I do but I often feel like the weird uncle no on talks to. Because I work alone and my projects usually take around 2 years to complete I end up spending a lot of time alone, only surfacing when I have a finished project. A few months of screenings then its right back to the basement.

When you’re building the world of your film, where do you look for inspiration?

Being that I work in stop motion, every one of my films requires its own unique world building. FILTH was largely inspired by the film noirs of the 1940’s so there are a lot of places to get visual cues, both from the past and the present. Even just walking home at night and looking down an alley. I may not build the alley exactly as it appears in reality but those skids over there are stalked in an interesting way or that graffiti is really intense so I’ll take what I like and leave the rest. My next film is a western so these days I find myself constantly researching, looking at images of old western ghost towns

What would you do if you woke up inside of your film?

I would probably die quickly and horribly. The world of FILTH is definitely not one that I could navigate.

Who would be on your ultimate horror villain squad?

I have to go to the classics; The Frankenstein monster, the Mummy, the Wolf Man, Dracula and the Invisible Man.

Lightning round: Freddy or Jason?


Stephen King or H.P. Lovecraft?


Practical or CGI?


Post Apocalypse or Pre Apocalypse?


How do you go about creating the puppets for your films?

The puppets, depending on their design can be rather complex. I machine all the ball and socket armatures out of metal which is quite an involved process. They are then covered in clay and sculpted to look like whatever it is I have in mind. Molds of the final sculptures are made using plaster and the models are then covered in a foam rubber skin. Lastly they are painted and then finally ready to animate. It usually takes me about 6 weeks to build a puppet from start to finish.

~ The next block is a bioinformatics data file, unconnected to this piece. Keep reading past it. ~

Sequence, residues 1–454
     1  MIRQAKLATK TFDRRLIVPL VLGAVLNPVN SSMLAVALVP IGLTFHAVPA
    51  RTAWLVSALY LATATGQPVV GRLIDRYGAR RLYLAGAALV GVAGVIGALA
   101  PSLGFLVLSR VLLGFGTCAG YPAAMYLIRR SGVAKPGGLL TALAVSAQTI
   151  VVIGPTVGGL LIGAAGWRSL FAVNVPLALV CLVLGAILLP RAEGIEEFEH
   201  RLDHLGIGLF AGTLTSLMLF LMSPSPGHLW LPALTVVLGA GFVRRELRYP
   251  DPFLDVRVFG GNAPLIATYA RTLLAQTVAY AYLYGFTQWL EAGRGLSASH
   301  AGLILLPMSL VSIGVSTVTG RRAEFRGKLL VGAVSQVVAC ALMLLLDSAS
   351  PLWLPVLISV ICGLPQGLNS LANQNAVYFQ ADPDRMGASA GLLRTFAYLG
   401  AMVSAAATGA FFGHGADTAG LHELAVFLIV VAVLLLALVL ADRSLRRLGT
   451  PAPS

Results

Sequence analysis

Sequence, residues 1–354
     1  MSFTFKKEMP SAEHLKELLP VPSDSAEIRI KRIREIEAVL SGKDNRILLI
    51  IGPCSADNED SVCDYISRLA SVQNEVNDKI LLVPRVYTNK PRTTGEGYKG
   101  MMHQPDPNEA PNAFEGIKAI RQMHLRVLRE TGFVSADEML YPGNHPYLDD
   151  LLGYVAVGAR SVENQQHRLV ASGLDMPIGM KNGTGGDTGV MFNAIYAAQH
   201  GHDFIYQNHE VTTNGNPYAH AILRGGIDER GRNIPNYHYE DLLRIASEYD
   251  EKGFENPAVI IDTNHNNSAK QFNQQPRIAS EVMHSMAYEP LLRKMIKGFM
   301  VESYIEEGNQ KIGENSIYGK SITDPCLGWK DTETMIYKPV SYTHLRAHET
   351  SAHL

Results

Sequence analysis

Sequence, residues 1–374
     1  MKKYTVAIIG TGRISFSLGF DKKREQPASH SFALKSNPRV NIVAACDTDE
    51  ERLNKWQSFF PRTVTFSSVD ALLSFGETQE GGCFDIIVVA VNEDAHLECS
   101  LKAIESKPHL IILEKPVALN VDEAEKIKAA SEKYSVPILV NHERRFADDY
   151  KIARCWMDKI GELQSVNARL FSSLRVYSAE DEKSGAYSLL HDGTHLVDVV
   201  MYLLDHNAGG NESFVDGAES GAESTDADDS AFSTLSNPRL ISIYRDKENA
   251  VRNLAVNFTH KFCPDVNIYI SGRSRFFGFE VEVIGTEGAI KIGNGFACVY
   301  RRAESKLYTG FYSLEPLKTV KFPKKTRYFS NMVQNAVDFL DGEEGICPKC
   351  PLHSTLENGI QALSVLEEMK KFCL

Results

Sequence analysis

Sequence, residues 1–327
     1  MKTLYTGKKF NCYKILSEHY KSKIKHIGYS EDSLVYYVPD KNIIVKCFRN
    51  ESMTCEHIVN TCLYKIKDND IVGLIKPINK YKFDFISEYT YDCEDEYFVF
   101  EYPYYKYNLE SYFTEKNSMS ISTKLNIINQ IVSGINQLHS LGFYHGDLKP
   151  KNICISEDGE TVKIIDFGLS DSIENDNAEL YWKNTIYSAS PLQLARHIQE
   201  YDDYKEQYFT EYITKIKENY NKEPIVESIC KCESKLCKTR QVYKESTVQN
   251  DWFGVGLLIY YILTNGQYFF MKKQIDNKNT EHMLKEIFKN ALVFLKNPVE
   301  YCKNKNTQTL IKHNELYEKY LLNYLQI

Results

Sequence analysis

And what about the sets and props?

My sets are basically wood, foam core, styrofoam, balsa, paint, glue, spit and baling wire; very basic materials you can find at any hardware or craft store. Props are usually a little more work. Sometimes I can quickly make things up with dollar store supplies but not always. For my new film I needed a saddle. You’re not going to find a miniature saddle anywhere so in cases like that I have to sculpt the prop, make a mold and cast the finished object in rubber or plastic.

What scares you, and does it inspire your storytelling?

I wouldn’t say that what scares me informs my filmmaking, at least not on a conscience level. The stories I chose to tell often come to me in random fragments and I do my best to organize those disjointed thoughts into a coherent story. Now, why those thoughts come to me in the first place … that’s another matter.

And finally, Ghostface would like to know ‘What’s your favourite scary movie?’

That is such a hard question to answer since I have so many favourites from different eras. Texas Chainsaw Massacre (1974) is up there. I can always watch Alien. I was pleasantly surprised by the Evil Dead remake. I love the inspired lunacy of Evil Dead II and also on the lighter side, What We Do in the Shadows and I was not expecting to enjoy Train to Busan as much as I did. But if I had to choose one film to take to the grave it would probably be John Carpenter’s The Thing.